Texans vs. Broncos: Sketching out a Game Plan for Denver
Daniel Shirey-US PRESSWIRE
The Denver Broncos are 1-1 after two games against very good opponents, but their Week 3 matchup with the Houston Texans could be the toughest to date. There is a very real possibility that the Texans are best team in the AFC, but until they beat a quality opponent like the Broncos, that might not get a lot of play.
The reason the Texans are so tough is because they do everything well and a few things very well. To beat the Texans, Denver’s front seven will need to be disciplined and the offense will have to exploit Houston’s linebackers in coverage.
Houston will adjust to its opponent, so the Broncos can’t totally sellout to stop the running game. The Houston defense is extremely solid in the secondary, but there could be an opportunity to attack the linebackers with running backs and tight ends.
Houston has Arian Foster and Ben Tate and both can run wild behind an offensive line well-versed in the zone blocking scheme. Houston has perfected the scheme, which is tough to beat unless the defensive line can win in one-on-one blocking situations and the linebackers can fight through blocks to get into cutback lanes.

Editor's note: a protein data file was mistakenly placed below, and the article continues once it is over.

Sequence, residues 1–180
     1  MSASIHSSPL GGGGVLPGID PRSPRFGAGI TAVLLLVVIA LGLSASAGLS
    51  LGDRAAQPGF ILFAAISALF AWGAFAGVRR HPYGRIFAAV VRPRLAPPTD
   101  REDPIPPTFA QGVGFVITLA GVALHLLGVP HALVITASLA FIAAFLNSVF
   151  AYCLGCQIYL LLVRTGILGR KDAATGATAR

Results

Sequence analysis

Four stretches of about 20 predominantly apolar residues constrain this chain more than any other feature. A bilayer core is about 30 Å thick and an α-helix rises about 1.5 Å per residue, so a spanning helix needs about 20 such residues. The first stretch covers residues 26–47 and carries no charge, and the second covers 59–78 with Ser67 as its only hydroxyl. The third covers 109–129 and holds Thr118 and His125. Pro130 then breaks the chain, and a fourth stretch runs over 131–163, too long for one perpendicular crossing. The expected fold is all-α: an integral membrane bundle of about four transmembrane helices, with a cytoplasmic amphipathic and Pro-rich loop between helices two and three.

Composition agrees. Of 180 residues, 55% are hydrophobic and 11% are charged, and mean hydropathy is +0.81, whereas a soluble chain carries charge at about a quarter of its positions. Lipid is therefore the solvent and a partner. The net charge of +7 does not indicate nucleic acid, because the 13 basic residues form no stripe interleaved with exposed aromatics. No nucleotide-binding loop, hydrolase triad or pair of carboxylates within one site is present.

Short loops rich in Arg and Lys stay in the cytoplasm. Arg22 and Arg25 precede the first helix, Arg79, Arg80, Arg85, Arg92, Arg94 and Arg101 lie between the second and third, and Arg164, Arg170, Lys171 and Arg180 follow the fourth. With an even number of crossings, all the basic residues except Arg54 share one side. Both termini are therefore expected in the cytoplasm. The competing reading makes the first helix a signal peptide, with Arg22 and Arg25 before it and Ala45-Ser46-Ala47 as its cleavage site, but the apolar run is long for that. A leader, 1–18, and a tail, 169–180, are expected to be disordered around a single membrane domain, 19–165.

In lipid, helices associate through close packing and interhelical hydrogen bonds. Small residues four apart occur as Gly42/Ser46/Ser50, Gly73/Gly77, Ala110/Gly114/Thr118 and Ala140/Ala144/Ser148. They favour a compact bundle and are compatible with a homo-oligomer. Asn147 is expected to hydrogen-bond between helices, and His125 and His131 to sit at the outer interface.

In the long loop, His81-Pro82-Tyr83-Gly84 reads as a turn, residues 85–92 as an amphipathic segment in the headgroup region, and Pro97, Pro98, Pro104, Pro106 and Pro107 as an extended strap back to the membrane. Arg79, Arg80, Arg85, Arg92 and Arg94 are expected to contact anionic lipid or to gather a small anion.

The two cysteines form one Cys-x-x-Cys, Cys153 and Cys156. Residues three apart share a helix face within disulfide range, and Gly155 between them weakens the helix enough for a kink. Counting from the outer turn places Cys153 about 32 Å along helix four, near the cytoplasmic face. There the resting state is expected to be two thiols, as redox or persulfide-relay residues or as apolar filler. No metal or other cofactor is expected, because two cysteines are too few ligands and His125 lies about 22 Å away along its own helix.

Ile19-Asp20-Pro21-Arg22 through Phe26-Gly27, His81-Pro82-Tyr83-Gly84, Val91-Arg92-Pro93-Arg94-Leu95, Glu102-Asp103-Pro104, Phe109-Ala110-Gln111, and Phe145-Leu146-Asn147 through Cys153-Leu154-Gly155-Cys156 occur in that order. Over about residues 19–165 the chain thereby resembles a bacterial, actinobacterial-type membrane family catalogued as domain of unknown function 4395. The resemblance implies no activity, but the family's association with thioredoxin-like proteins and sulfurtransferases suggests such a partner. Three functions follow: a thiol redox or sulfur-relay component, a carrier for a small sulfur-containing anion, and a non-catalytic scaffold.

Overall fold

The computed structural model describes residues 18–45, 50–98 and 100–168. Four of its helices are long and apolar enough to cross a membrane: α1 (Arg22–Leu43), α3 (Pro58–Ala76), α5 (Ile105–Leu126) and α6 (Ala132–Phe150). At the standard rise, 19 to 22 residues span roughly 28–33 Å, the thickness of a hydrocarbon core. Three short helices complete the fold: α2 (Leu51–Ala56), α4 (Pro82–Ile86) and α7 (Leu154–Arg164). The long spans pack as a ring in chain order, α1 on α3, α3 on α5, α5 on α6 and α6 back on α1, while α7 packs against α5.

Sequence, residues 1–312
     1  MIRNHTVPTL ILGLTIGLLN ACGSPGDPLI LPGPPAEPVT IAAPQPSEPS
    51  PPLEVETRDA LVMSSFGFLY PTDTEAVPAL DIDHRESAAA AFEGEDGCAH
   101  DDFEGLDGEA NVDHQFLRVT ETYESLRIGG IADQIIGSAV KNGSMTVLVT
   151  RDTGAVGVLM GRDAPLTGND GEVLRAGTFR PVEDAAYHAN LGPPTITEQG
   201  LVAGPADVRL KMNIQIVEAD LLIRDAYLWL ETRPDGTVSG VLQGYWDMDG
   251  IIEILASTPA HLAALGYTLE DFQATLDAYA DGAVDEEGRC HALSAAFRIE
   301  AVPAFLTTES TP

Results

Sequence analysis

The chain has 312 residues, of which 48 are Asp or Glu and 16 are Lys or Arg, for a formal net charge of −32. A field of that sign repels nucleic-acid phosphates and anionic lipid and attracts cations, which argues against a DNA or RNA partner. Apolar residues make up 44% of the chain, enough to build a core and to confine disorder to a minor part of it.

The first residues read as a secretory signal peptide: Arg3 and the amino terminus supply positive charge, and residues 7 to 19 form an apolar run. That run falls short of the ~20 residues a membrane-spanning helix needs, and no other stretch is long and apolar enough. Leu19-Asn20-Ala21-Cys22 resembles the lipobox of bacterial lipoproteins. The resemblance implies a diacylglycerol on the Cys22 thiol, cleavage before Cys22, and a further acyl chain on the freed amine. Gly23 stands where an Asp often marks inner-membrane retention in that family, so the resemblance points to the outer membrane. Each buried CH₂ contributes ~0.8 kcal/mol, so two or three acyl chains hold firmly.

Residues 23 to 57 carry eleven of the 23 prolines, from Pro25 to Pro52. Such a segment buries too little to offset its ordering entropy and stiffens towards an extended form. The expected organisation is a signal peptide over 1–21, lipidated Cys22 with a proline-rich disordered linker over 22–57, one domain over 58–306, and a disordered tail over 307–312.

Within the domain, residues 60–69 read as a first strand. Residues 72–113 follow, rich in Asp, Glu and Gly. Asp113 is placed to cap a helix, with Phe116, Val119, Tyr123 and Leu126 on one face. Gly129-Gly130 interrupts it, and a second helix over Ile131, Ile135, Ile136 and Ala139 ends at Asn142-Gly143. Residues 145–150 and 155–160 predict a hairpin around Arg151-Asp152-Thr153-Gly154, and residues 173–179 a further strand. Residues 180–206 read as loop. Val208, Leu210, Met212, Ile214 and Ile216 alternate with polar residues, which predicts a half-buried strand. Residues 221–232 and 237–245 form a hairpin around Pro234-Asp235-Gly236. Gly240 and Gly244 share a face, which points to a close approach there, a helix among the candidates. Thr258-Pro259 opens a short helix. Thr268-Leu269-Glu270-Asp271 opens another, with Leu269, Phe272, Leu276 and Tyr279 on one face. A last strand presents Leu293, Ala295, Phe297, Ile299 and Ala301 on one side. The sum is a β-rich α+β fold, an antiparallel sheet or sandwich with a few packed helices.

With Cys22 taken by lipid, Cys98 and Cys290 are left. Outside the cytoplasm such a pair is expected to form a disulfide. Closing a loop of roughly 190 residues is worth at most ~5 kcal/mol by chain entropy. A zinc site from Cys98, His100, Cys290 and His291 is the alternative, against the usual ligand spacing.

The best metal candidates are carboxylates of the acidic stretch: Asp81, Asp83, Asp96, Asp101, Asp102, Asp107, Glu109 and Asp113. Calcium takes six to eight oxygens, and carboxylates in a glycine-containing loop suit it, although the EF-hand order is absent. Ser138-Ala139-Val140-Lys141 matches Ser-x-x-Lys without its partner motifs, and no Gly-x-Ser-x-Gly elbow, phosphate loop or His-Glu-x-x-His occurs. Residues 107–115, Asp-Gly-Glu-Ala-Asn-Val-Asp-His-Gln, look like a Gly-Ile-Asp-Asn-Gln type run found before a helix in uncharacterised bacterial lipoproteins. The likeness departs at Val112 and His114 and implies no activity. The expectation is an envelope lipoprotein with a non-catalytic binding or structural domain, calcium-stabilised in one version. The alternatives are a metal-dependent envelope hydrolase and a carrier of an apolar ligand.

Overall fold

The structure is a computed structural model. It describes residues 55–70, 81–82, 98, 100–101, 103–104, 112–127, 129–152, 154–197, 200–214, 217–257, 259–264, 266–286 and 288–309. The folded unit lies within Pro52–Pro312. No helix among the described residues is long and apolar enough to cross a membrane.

The running game also sets up the passing game, and the Texans will use nearly identical plays to run naked bootlegs. If the Broncos have to commit a safety to the box or otherwise have the safeties crashing in on running plays, the Texans will use play action and try to find Andre Johnson in open space.
Stopping the running game makes the passing game more one-dimensional for the Texans, and to do so, the Broncos can look at this play from Houston’s Week 2 game against the Jacksonville Jaguars, who also use the 4-3 defense.
Based on the defensive alignment, the two offensive guards attempt to get blocks on the linebackers. The right tackle is going to cut-block the defensive tackle. It’s nearly impossible for a defender to get leverage to the opposite side of the way they are shaded, and the center and left tackle will use this fact to their advantage.